“Me too,” Derek says, his face grave.
Stiles believes him.
God, if anything, the past few months have shown him that Derek is fucking perfect. He likes Stiles: Stiles Stilinksi, the noisy, clumsy, awkward kid who has an opinion on everything and isn’t afraid to share it, not Stiles the little omega. Stiles has always been, and always will be, more than his fucking biology.
It’s kind of a shame that Derek’s awesomeness doesn’t run in his family. Well, maybe it did, but Derek’s only surviving family is Peter Hale. The Peter Hale. The Peter Hale who is a director of the Department of Omega Registration, and pretty much Stiles’s nemesis. Not that he even knows who Stiles is, thank fuck. But still, Stiles feels perfectly justified in hating everything Peter Hale stands for.
Derek doesn’t talk much about his uncle, and Stiles appreciates that. He knows it’s been hard on Derek losing most of his family in a house fire years ago. Then, last year, his sister Laura was killed by some random mugger, and now his uncle Peter is the only family Derek’s got left. So Stiles shuts his mouth about Peter, and so does Derek, and that works just fine, thanks.
“One more week,” Derek repeats, and smiles cautiously.
“You put the papers in?” Stiles’s heart beats a little faster.
Okay, so in a week he’ll be sixteen and he’ll be claimed. That’s the law. When omegas turn sixteen, alphas and betas can make formal bids for them. Which is exactly as backward and medieval as it sounds. Particularly given that Stiles gets no say in it. Neither does his dad, really. Okay, so whoever wants him will have to submit the bid to Sheriff Stilinksi, but unless the Sheriff has a damn good reason to refuse—a better reason than “I don’t want to let my kid get treated like a piece of meat”—then the Department of Omega Registration will intervene and turn Stiles over anyway.
Ever since Stiles turned thirteen and was classified as an Omega, he’s been terrified. Except now he’s not. Derek’s twenty-two, and a beta. He’s old enough to put in a bid for an omega of his own, and Derek’s already promised Stiles he’s going to do that. And Stiles’s dad might not be happy about it, but Stiles knows he won’t have any grounds to refuse. The Hale family is wealthy, and well-regarded. Stiles literally could not do better.
“I put the papers in,” Derek says, his smile growing.
Stiles leaps forward and hugs him tight. “Oh, thank God!”
He’s pretty sure that nobody else is going to put in a bid for him. And, even if they do, Stiles will ask his dad to pick Derek for him. His dad won’t be happy about it—he hates the system as much as Stiles does, and he’ll hate Stiles having anything to do with Peter Hale, even if it’s only by association with Derek—but he’ll agree in the end when Stiles tells him the truth. And the truth is that Stiles is in love.
“One more week,” Derek tells him softly, and presses a kiss to the corner of his mouth.
One more week.
When Derek leaves, Stiles feels better than he has all day. He sits back down at his laptop, checks in with a few people, and writes a post about how it’s their allies—the alphas and betas who love them—who will eventually help them force change. Because he believes, more than anything, that love is always stronger than hate.
The sentiment is pretty hard to hold onto in the cold light of day. At least when the cold light of day involves a presentation from the DOR to the omega students of Beacon Hills High. When the announcement goes out over the PA, Stiles huffs to himself as he gathers his books together. Great. Another actual class ruined. Math, this time. He slings his backpack over his shoulder and makes a face at Scott as he and the only other omega in the class, a kid called Jason, head for the gym.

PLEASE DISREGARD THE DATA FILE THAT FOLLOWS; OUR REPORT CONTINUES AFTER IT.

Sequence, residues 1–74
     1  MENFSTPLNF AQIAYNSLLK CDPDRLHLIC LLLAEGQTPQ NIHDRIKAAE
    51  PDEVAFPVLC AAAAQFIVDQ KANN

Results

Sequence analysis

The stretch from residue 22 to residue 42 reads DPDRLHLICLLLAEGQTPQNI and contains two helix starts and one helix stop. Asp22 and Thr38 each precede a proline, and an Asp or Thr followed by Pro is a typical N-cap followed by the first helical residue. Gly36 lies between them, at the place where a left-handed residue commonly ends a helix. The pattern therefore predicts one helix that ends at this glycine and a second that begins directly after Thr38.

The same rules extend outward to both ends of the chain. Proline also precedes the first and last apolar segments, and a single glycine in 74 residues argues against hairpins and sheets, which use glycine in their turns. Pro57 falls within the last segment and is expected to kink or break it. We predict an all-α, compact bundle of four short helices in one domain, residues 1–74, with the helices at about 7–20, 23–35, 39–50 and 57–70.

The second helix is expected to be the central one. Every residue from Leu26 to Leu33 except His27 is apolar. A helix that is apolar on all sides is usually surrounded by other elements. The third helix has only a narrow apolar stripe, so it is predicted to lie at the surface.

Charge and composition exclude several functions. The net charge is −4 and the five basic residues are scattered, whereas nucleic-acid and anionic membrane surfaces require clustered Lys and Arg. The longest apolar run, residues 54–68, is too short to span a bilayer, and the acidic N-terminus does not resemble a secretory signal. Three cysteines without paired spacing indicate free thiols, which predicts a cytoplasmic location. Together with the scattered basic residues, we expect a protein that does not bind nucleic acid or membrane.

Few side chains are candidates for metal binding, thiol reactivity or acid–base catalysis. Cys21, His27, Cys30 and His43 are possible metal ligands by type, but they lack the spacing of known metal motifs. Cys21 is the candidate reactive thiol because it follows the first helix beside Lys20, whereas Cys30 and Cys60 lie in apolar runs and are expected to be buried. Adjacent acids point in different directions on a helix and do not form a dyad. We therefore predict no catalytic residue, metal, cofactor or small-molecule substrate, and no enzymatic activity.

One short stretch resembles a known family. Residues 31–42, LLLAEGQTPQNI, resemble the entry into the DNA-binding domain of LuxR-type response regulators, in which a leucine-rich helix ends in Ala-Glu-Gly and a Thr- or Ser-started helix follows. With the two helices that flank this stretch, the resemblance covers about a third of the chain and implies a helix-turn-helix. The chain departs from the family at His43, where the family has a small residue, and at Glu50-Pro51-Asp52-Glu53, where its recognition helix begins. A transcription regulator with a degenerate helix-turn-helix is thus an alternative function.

Jason is what everyone would call a good omega. He does all his special homework and takes extra classes on weekends on cooking and housekeeping, and is actually jealous of Stiles for turning sixteen first and getting to be mated. Stiles doesn’t hate him or anything, but he really can’t relate to him. At all.
They walk to the gym together, joining the trickle of other omega kids from different classes. There are fifty-two omega kids at Beacon Hills High. Stiles knows every one of them. He suspects a few of them are members of More Than Biology—he overheard some of them whispering about it once—but he doesn’t know for sure. Anonymity is vital for the group. Stiles would never tell them he was the founder, even if he knew for sure they were in the group. It’s safer for everyone that way. The group isn’t illegal, but then again, neither was staying out at night up until three years ago. The rules can change very quickly.
Stiles takes a seat on the bleachers and prepares to be bored out of his skull by whatever bullshit the DOR is pushing at them now.
Except it’s not just some random in a suit who steps up onto the podium. It’s Peter Hale. He smiles out at his captive audience, looking handsome and charming, with more than a dash of slick politician thrown in.
Stiles sits up straighter.
“Good morning, ladies and gentlemen,” he says, in a friendly tone of voice that makes Stiles bristle, but some of the others smile and blush. “For those of you who don’t know me, my name is Peter Hale. I’m a director at the Department of Omega Registration, and I live right here in Beacon Hills.” He winks at the front row. “Go Cyclones!”
Stiles tries very, very hard not to roll his eyes.
“Today I’m here to talk to you about an exciting new direction you’ll all be taking starting tomorrow. If it’s successful, which I think it will be, it’ll be rolled out across the state in time for the next school year.”
Stiles glances at a few of the teachers who are watching. It’s hard to tell, but he thinks some of them are pretty unhappy. Coach Finstock definitely is, but that’s probably only because his gym’s been taken over by Peter Hale.
Peter smiles at the group again. “At the Department, we think it’s high time that schools catered more for the needs of all their students, not just the alphas and betas.”
A girl sitting in front of Stiles nods along obediently.
“So, starting tomorrow, omega students will be streamed into their own classes. These classes are specially designed to teach you the skills you need for your futures, and to help you develop your best qualities. They’ll be focussed on subjects you might have touched on previously, like cooking, and home sciences, and parenting, but there will also be a focus on your wellbeing and health, and on the qualities you need develop in order to become the best omegas you can for your future mates.” Peter’s smile is still perfectly in place. “It’s a very exciting program, and I know you’re all going to love it.”
Stiles schools his features and glances down the end of the bleachers. There’s a kid with glasses handing out a stack of papers.